Bobby Rush, looking a lot less than his 83 years, rocking the Club Ebony
Photo credit: Gene Tomko
Indeed, Rush's presence, running throughout the film, gives I Am the Blues what structure it can offer. At one point, he turns to the camera and says, "The road is my company," and like the film itself, he meanders throughout the geography of the deep southern blues routes. Rush, who won his first Grammy earlier this year, is a superb representative of both southern soul and a surprisingly pure strain of Delta blues. He is a charming guide and host and the film benefits immensely from both his presence and his music. In fact, I wish Cross had made the film about Rush, not to shortchange the superb collection of musicians on display, but there are moments when the filmmaker is trying to shoehorn in too much material. 
And it's a shame, because his footage of the the shacks and farmland is evocative and poignant and if he had just let those images and the music do most of the talking, the film could have been so much more than it is.

Incidentally, the newly revamped Quad is another interesting example of the sort of Industrial Deco style that seems to be the new go-to visual environment for NYC theaters. A lot of brushed steel on the walls, pastel-colored neon and a certain odd chilliness, although the staff are charming. The interior of the one screening room I was in was, by contrast, a sea of vermillion with plush new seats. Regrettably, the still use a center aisle, so you can't sit in the middle of the image, but these are smallish rooms so the loss isn't that bad. 

Intriguingly, the Metrograph, which I finally got to a couple of weeks ago, is not dissimilar, although it has a downtown-hipster vibe that is not unpleasant and a bookstore/cafe which discretion kept me from visiting. the room in which In Transit was playing, has no center aisle and it comfortable and dark. (No red seats here.) 

Right now, that screen is occupied by The Rehearsal, a new film from New Zealand directed by transplanted Canadian Alison Maclean. Like her previous features,  Jesus' Son (1999) and Crush (1992), The Rehearsal centers on uneasy post-adolescents who are juggling sexual exploration, burgeoning artistic impulses and a search for absolution for their life-shattering mistakes. At the heart of the film is the growing attraction fist-year acting student Stanley (James Rolleston) and a much younger Isolde (Ella Edward), whose sister is a budding tennis star who was scandalously involved in a sexual relationship with her married coach. the pair meet by chance and Stanley learns of the brouhaha, which becomes the basis for a performance project he is doing with four classmates. One of those classmates is his putative landlord, the witty but dissipated Theo (Marlon Williams in a flashy, scene-stealing performance), and his disastrous fate will send the entire school into a chaotic downward spiral.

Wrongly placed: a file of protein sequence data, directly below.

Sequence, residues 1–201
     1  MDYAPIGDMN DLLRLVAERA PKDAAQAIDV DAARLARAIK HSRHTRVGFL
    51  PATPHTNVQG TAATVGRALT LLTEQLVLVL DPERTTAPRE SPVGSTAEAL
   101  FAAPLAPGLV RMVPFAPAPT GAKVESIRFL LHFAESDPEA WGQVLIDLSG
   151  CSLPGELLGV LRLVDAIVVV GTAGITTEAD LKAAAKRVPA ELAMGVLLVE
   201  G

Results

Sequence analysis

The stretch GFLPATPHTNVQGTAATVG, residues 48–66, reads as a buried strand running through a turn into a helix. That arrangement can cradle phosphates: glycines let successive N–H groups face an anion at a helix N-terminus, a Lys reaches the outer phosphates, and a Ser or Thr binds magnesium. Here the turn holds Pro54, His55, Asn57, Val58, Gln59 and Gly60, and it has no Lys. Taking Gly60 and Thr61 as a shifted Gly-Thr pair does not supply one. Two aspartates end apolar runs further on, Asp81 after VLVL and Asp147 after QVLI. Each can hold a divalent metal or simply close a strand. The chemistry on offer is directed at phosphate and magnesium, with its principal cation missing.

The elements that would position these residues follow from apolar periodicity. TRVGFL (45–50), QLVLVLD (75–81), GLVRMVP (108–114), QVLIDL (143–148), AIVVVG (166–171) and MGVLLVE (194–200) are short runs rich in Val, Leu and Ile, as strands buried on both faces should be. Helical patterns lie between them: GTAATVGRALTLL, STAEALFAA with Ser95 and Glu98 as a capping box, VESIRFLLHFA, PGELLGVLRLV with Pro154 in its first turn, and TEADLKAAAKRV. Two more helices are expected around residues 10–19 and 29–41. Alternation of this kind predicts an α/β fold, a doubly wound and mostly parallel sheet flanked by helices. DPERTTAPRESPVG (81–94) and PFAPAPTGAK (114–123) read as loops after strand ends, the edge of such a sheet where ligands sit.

Kerry Fox works her will on Michelle Ny in The Rehearsal
Adapted from Eleanor Catton's novel the screenplay is a sputtering, stuttering mess, with plot lines and themes left dangling and a final resolution that is deeply unsatisfying and profoundly unconvincing. What makes the film worth watching at all is a mesmerizing turn by Kerry Fox as the head of the theater school, a Lee Strasberg-type guru who is not adverse to torturing performances out of her young charges. Her energies ultimately turn out to be devoted to a major capital project involving a new building on waterfront property, and she seems all too willing to turn everyone's attentions to that goal. It's one of the few elements in the film that rings harshly true.
 Finally, there is one excellent documentary that has graced local screens all spring about which I( have been rather circumspect, for reasons that will become apparent momentarily. the film, Obit, is a handsomely crafted and witty examination obituary department of the New York Times, directed by Vanessa Gould. As regular readers will know, my better half, Margalit Fox, is one of the key members of that staff and, as a result, is one of the key figures in the film. I hasten to say that this is an exemplary piece of non-fiction filmmaking, a warm portrait of a bunch of people many of whom I know well, and Vanessa has become a family friend, but even were that not the case, I would still recommend Obit because it's that good.*
Times archivist Jeff Roth plumbing the depths in Obit

At any rate, I want to draw your attention to an opportunity for you to see the film on a big screen. It will be playing at the Thalia at Symphony Space as part of -- surprise -- a documentary series, with showdates on July 16, 23 and 29. More information here.  And for those of you who are concerned that I never step outside the New York city limits, the film is also playing at the Pacific Film Archive, Berkeley (August 11-20) and the Museum of Fine Arts, Houston (September 1-4).
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*Hey, we don't have a fiduciary relationship with the filmmakers, although I did score a terrific free razor and a very handsome baseball cap advertising a lunch-meat manufacturer for attending the film's Philadelphia Film Festival screening a few months ago. But I'm warning any filmmakers who may be reading this, you'll have to top that haul if you want to get into this blog. I'm thinking maybe a case of sausages to go with the hat?